Brussels is getting in on the microchip action, with a wide-ranging draft regulation known as the European Union Chips Act that promises to transform the bloc into a global player in semiconductor markets, while also supporting EU digital sovereignty, strategic autonomy and democratic values. That’s a lot of baggage to place on such a miniature component.
The pandemic has underscored modern societies’ dependence on semiconductor chips, with supply chain disruptions and other factors combining to create a global shortage. But after creating a shock akin to that of a sudden air-raid siren, the shortage has evolved into something more like barely audible mood music. Collectively, consumers seem to have accepted the new normal of waiting a year to take delivery of a newly purchased car or competing in online auctions when a new graphics card consignment becomes available.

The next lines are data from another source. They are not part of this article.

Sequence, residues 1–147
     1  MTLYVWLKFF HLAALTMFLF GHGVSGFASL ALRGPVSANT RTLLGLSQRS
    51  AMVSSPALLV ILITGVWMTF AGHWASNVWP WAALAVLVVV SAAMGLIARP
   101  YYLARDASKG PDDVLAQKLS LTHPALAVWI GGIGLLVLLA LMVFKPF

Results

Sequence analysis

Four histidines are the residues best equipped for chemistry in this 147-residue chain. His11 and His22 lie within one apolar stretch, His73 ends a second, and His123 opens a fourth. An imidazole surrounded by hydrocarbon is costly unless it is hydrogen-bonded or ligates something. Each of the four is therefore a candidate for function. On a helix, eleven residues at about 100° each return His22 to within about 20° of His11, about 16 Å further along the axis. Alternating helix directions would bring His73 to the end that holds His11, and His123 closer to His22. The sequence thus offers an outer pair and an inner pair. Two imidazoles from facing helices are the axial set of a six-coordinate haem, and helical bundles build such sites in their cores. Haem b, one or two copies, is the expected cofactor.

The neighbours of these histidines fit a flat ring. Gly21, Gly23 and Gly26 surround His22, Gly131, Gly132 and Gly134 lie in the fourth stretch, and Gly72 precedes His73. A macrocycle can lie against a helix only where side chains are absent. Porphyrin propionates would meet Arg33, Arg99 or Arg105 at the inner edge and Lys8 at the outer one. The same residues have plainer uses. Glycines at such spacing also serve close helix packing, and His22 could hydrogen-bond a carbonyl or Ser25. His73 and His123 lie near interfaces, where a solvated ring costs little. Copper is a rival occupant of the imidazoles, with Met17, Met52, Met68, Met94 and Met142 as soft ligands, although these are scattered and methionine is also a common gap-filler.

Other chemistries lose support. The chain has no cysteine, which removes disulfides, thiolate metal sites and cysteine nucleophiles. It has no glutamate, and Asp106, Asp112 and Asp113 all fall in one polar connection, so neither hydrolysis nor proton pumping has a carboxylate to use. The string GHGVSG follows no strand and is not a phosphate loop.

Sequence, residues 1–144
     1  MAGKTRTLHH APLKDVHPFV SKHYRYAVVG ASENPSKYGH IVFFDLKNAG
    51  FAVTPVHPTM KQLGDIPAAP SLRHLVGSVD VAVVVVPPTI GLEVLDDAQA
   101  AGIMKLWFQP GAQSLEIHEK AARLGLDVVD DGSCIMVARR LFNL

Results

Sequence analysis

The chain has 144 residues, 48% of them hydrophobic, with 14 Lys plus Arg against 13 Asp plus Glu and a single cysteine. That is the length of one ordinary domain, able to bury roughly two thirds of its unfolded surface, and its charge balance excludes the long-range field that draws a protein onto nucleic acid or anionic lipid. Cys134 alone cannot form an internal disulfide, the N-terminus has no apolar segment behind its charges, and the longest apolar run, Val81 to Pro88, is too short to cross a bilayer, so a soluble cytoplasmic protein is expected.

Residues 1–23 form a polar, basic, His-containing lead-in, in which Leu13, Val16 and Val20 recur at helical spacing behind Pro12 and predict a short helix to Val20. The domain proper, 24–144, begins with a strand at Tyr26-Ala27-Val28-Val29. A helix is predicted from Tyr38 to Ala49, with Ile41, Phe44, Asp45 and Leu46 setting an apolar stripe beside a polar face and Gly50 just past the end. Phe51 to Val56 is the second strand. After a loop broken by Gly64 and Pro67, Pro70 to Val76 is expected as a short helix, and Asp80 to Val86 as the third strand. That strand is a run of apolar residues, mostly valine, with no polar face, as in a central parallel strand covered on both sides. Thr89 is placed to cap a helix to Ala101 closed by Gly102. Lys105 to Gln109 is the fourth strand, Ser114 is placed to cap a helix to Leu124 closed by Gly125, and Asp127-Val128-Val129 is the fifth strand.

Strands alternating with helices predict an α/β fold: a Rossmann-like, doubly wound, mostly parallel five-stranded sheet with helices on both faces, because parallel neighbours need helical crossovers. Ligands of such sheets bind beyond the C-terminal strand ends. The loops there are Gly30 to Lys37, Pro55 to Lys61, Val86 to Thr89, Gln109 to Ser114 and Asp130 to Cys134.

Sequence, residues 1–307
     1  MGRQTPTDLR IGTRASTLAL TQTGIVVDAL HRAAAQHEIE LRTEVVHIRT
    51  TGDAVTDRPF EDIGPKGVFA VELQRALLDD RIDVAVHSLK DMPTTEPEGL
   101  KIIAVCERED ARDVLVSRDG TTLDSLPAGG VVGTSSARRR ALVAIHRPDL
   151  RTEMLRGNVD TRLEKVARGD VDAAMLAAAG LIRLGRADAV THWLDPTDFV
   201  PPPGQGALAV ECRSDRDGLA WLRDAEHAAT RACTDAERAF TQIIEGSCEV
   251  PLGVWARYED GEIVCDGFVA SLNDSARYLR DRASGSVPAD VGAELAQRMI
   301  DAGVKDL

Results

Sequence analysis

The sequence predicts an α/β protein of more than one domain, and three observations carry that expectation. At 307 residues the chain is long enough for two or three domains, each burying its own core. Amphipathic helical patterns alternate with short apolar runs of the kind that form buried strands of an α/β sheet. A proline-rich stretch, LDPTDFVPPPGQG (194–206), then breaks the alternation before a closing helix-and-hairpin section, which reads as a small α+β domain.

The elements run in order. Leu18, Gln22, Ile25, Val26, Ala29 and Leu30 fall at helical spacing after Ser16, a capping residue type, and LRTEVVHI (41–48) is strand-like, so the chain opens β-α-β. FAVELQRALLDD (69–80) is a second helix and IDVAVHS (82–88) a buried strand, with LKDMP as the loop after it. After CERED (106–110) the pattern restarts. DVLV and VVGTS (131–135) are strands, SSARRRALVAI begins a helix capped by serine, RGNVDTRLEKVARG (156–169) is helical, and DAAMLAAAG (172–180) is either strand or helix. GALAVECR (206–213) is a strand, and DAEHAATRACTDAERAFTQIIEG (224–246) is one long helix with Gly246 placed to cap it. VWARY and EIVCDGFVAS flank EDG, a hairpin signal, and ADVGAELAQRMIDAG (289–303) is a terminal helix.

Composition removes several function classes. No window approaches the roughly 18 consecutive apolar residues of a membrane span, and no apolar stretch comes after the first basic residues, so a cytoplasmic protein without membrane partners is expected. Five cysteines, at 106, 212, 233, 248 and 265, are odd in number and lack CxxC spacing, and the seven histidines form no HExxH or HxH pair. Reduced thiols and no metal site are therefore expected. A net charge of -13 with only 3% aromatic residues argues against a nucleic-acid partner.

That the previously overlooked, boring components of the communications revolution such as undersea cables, 5G equipment and microchips could have a geopolitical dimension is also unremarkable these days. The U.K.’s hopes of sticking with Chinese telecommunications giant Huawei for its 5G infrastructure build-out, for instance, were dashed by Trump administration sanctions that cut off the company’s access to chips using U.S. technology.